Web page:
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SoxProspects News

September 28, 2011 at 9:00 AM

2011 Staff Season Wrap-Up, Part 2

Today, we continue our look back at the 2011 season by asking our staff their personal thoughts on a number of questions. In Part 2 of our staff wrap-up, we ask everyone about specific players and developments in the system this season.

Fill in the blank: The most interesting development in the Red Sox farm system in 2011 was _____.

Brandon Jacobs
The number of offensive breakouts. I can't remember this many guys who "could" break out turning into guys who "did" break out, speaking of Will Middlebrooks, Ryan Lavarnway, Xander Bogaerts, Bryce Brentz, Brandon Jacobs, Miles Head, Sean Coyle, Garin Cecchini, and to a lesser degree, guys like Alex Hassan and Christian Vazquez. – Chris Hatfield, Senior Editor & Columnist

Offensive development by so many prospects with young hitters such as Brandon Jacobs and Xander Bogaerts establishing themselves as front line prospects with high ceilings and the impressive power development by players like Bryce Brentz, Ryan Lavarnway and Will Middlebrooks. – Ian Cundall, Northeast Scout

Xander Bogaerts skipping to Low-A Greenville and showing remarkable present power at 18 – Mike Andrews, Executive Editor

The amount of depth the system has and the development of some prospects toward the upper tier in baseball. The development of Bryce Brentz, Xander Bogaerts, Miles Head, Garin Cecchini, Brandon Jacobs, just to name a few. – John Gray, Staff Writer

All of the A-ball position players the burst onto the scene with great offensive seasons. – Josh, Moderator (chavopepe2)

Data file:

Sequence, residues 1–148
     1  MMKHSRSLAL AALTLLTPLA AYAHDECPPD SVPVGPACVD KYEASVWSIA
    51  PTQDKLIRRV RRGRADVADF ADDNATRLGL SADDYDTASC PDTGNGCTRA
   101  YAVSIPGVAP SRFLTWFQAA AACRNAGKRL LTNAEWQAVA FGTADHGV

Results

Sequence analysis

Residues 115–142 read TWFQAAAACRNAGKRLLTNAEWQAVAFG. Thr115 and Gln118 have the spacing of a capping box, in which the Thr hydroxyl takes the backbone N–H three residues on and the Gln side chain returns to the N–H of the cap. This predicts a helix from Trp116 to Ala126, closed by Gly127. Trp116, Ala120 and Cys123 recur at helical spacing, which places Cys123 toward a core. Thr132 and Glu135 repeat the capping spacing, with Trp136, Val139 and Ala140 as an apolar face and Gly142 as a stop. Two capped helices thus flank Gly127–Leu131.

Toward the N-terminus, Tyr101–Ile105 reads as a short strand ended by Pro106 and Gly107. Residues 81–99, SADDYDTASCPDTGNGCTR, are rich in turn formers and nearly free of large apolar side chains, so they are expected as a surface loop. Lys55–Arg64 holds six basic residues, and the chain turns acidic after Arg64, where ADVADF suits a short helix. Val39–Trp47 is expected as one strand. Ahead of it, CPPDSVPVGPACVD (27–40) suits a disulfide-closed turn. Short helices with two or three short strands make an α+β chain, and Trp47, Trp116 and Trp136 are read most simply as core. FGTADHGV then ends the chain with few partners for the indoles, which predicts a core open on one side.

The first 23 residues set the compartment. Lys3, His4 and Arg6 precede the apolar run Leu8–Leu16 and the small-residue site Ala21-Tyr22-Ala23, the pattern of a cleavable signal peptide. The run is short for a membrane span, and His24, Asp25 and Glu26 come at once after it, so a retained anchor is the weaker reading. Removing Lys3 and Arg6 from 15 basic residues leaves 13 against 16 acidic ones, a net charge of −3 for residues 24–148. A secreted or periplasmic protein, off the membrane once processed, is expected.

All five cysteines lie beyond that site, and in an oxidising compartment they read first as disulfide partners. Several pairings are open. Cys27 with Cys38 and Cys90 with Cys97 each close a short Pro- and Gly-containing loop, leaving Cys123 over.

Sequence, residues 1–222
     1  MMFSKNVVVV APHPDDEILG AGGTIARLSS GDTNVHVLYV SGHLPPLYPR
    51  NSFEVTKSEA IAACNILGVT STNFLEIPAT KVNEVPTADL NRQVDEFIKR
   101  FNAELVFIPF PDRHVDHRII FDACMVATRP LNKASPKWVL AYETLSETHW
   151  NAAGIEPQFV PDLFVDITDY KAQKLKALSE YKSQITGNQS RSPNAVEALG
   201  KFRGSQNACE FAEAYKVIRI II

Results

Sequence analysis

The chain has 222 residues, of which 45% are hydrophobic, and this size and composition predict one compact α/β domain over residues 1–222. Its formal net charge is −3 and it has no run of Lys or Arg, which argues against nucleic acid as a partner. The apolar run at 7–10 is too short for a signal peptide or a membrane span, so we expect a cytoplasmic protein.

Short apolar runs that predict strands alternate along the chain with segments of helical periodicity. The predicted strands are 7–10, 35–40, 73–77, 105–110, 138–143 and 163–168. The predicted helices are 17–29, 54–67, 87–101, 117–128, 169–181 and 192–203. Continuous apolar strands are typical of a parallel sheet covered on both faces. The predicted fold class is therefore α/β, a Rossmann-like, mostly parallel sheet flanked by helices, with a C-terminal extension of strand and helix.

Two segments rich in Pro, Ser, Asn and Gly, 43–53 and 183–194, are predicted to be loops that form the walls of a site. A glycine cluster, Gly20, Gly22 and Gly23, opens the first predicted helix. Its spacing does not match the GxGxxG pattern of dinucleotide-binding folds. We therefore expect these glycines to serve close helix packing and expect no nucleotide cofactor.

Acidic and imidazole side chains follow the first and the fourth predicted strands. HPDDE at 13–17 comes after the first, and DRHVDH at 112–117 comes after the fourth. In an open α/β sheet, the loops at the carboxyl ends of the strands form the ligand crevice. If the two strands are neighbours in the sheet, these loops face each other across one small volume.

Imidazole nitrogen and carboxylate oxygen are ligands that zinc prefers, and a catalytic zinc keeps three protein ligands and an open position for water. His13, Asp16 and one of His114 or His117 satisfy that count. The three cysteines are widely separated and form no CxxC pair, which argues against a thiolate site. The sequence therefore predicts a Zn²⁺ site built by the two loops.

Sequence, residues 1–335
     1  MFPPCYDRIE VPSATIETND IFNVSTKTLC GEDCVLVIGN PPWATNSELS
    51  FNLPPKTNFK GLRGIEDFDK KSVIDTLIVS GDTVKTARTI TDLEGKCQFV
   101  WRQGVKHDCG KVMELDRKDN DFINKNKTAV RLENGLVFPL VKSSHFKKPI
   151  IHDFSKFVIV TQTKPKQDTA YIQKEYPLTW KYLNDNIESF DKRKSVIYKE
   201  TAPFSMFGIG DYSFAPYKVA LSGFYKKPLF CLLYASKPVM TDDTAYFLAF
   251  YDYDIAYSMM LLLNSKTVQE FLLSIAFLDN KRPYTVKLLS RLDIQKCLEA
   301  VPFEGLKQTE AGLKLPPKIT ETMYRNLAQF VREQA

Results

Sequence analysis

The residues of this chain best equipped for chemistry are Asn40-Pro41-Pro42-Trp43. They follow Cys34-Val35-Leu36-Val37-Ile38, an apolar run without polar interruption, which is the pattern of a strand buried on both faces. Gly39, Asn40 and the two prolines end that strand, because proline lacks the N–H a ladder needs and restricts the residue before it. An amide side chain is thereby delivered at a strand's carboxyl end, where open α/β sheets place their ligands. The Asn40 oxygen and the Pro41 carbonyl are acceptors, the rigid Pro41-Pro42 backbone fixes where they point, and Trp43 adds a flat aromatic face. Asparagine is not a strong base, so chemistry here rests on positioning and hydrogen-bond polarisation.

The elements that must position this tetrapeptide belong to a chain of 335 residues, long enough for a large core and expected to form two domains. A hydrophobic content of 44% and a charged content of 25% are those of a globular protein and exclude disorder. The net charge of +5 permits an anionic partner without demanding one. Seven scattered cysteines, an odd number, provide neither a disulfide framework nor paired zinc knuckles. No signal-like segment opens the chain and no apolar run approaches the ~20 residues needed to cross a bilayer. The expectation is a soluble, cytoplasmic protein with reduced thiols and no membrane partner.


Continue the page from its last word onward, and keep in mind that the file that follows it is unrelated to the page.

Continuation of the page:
The amount of power that is in the system – Jonathan Singer, Affiliate Correspondent

The glaring hole of pitchers that project as future major league starters, which was thin to begin the season. I also believe it speaks volumes towards the patience and time it takes for young arms to develop. – Chris Mellen, Director of Scouting

The backwards steps taken by a "developmental" organization in the development of its pitchers. The organization coddles pitchers instead of challenging them, with negative consequences this year – Adam, Moderator (amfox1)

The steps back by Drake Britton and Stolmy Pimentel. The Red Sox have had a lot of success developing pitching, and those two were arguably the highest pitching prospects in terms of ceilings and likelihood of reaching them outside of Anthony Ranaudo entering the year. Pimentel is less surprising considering he made the jump up to Double-A, but, externally and internally, in spring training people were raving about the shape he was in and his fastball velocity. I think his continued struggles when he was demoted back to High-A prove that it was a mental issue though (or at least that he's been a better pitcher in the past than demonstrated for most of this season), since he was successful there overall last year. Britton was expected to take off this year as the reigns were loosened following last season's controlled return from Tommy John. I look for bounce-back seasons from both of them next season, at which point their true prospect statuses will be a lot more clear. – Matt Huegel, Staff Editor & Writer

What player's performance surprised you the most?

Miles Head
Miles Head: on nobody’s radar coming into the year to put up really impressive numbers. – Cundall

Miles Head – Andrews

Miles Head – Josh

Miles Head & Brandon Jacobs – Singer

Chih-Hsien Chiang. His breakout came out of nowhere, and now his horrible slump in Jackson since the trade was equally puzzling. Was it as simple as getting his diabetes under control? – Hatfield

Chih-Hsien Chiang. I never thought he would produce offensively as he did. It was Brandon Moss-like. – Adam

Xander Bogaerts. I thought he was ticketed for Lowell and wasn't sure how he would respond to being aggressively placed. Obviously stellar results. – Gray

Xander Bogaerts. The tools are there for him to be a great player, but it is rare for those tools to translate to performance at such a young age in a full season league. With three-to-four more seasons in the minors to work on his plate approach and find a defensive home, he can turn into the blue-chip prospect the system has been lacking recently. – Jim Crowell, Project Administrator